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Discussion in 'Crops & Gardens' started by Marie Mallery, Jul 16, 2021.
We seem to be easily distracted by shiny objects, but somehow the conversations keep rolling.
I found this and saved it for later.
Where ….what are we off topic
Yep, that one is usable as either one-steam or water bath. Any pot can be used as a water bath canner if the sides are high enough for the water to cover the jars and it has a lid to ensure even heat throughout the pot.
Dwight plays canned laughter.
My Grandmother was the only one that canned and she did it up into the 60s'. My favorite was Tomato Preserves, probably been since the 60s I've had any. They are so good
They are. My mom canned tomatoes. In her later years she was careless about not using a proper mason jar and lid. You can use other kinds of jars if you do a wax seal but you need to be careful even with that. If I saw a jar had turned brown I'd surreptitiously throw it out.
It was a spring ritual with my Grandmother in the 50s that she would go buy a case of mason jars and lids and of course the wax. We always had a lot of stuff to can in our backyard. Pears, figs and a few peaches. It seemed that everyone in Houston in the 50s backwards all had home gardens and canned things.
I'm still planning on getting a few chickens for eggs. That's waiting on money for a wire fence and coop. I'm a little squeamish and I'm not looking forward to killing them for meat when their time comes, but it seems hypocritical to eat chicken and not be able to do that.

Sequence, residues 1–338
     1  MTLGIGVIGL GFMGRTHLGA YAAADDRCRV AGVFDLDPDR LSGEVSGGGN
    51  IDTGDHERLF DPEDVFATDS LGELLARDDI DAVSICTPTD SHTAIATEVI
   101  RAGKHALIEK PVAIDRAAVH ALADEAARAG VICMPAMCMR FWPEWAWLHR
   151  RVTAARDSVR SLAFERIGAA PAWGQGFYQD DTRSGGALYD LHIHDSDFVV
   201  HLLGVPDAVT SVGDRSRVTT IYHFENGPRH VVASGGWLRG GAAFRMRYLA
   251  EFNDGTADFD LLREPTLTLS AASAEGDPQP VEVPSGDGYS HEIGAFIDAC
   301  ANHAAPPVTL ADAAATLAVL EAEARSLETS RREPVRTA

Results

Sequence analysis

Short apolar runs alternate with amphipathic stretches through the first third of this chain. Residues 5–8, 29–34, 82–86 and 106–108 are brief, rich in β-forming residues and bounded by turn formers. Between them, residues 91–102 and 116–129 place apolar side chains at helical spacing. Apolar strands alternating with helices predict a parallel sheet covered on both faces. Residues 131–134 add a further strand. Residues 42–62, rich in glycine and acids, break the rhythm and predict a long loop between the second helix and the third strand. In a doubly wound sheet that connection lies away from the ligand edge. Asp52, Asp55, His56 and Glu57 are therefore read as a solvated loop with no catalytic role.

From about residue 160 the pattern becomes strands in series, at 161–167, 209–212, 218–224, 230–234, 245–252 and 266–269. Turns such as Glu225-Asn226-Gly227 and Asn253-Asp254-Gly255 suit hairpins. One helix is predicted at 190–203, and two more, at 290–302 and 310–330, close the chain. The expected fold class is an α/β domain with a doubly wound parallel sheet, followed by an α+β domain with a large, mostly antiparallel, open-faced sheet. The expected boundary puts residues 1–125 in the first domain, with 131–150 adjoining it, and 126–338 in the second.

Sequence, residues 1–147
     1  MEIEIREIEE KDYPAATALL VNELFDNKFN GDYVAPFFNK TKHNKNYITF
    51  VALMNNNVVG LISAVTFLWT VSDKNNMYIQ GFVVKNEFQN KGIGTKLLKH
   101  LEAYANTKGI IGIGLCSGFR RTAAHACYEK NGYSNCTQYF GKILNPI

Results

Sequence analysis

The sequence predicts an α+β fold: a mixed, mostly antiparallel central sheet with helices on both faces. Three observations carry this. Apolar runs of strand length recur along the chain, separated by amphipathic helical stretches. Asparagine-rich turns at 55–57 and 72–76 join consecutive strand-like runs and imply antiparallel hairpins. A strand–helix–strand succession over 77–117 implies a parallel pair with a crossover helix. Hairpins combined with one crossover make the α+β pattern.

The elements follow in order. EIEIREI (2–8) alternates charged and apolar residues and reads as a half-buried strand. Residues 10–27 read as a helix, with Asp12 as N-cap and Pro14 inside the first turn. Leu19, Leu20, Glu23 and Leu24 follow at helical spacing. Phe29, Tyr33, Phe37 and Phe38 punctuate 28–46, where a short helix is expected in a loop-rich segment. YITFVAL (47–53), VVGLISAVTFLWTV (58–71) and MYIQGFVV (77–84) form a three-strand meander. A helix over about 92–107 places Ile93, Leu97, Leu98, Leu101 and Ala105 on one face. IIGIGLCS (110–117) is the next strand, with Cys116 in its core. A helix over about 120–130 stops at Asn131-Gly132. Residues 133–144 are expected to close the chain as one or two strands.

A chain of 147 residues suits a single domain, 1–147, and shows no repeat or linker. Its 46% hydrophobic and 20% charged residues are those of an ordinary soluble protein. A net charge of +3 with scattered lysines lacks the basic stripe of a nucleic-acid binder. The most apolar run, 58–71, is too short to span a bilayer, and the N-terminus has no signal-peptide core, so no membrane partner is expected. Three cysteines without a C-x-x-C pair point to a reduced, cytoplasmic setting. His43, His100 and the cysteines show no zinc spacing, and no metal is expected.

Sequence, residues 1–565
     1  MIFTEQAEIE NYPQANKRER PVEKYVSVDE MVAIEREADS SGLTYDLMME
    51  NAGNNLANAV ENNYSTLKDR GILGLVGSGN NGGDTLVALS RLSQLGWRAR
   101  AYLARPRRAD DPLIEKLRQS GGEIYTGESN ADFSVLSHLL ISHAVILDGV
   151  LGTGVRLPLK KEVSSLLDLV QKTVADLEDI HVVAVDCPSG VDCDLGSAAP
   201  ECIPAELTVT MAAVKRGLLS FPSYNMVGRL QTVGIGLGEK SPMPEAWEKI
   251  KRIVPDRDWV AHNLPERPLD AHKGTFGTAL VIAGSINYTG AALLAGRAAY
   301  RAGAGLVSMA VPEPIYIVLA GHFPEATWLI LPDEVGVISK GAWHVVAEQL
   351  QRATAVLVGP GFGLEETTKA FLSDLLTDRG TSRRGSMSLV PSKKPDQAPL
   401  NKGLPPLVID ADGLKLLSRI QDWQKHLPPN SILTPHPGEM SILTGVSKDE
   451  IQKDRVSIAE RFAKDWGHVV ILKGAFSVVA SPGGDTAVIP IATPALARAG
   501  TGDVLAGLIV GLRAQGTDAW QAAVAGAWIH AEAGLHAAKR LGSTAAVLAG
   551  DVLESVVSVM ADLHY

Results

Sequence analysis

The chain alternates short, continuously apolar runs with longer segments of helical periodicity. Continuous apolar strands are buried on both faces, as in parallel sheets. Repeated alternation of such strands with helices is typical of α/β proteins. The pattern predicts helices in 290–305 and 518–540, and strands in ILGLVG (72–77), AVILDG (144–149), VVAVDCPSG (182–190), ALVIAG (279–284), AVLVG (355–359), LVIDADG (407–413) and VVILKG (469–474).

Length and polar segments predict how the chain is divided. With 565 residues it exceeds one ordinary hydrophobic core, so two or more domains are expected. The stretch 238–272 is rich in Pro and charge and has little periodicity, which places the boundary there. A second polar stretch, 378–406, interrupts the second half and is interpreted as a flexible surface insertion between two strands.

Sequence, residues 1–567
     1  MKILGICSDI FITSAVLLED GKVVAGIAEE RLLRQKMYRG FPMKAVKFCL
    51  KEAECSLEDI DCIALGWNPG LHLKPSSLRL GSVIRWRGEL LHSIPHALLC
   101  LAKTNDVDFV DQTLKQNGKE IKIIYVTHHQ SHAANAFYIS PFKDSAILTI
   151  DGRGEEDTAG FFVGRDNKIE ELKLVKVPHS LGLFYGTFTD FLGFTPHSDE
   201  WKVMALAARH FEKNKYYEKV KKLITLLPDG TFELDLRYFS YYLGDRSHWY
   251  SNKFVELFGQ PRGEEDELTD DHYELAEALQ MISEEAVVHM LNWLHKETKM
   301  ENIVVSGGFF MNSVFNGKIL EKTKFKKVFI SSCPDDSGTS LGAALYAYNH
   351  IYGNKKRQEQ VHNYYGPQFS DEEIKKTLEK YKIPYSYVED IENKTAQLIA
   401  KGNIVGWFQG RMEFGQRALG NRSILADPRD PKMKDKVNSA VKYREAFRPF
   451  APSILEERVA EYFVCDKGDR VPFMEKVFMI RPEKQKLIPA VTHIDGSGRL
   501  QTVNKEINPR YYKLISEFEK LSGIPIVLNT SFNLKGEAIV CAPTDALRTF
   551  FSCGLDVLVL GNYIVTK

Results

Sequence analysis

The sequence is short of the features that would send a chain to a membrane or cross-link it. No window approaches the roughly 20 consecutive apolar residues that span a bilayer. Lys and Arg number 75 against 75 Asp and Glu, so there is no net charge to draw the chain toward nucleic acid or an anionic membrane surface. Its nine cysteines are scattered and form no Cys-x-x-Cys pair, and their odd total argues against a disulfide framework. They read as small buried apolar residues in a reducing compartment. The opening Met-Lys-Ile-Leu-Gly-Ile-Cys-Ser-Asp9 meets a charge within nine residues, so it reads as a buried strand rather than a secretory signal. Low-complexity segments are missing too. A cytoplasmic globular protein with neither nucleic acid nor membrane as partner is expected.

I remember that in the 50s about half the houses in my small town in Maryland had grape vines in the backyard or growing up over and around the back door on a small arbor. They're all gone now. I might try to do that. My backyard gets good sun. Does anyone know how long a grapevine would take to produce?
Two thoughts on butchering chickens. Or anything. Instead of lopping off their heads, there is a cone you can up end the bird into. Then you slit a vein in the neck, not the windpipe. You need someone to show you how so you don't cut into the croup, instead. The chicken bleeds out and goes unconscious instead of feeling the fear of not being able to breathe.
Or, you can wrap the bird snugly in a towel and hold it.
Cutting an animals throat seems cruel to me.
Now they're all on the freeway, honking and behaving like morons.
It does seem cruel. I remember my mom killing chickens back when we lived in Virginia. The body flapping around and squirting blood is gruesome.
Thank you, Mary. I'll look into that cone thing. I'm not following how it works but I'll find out.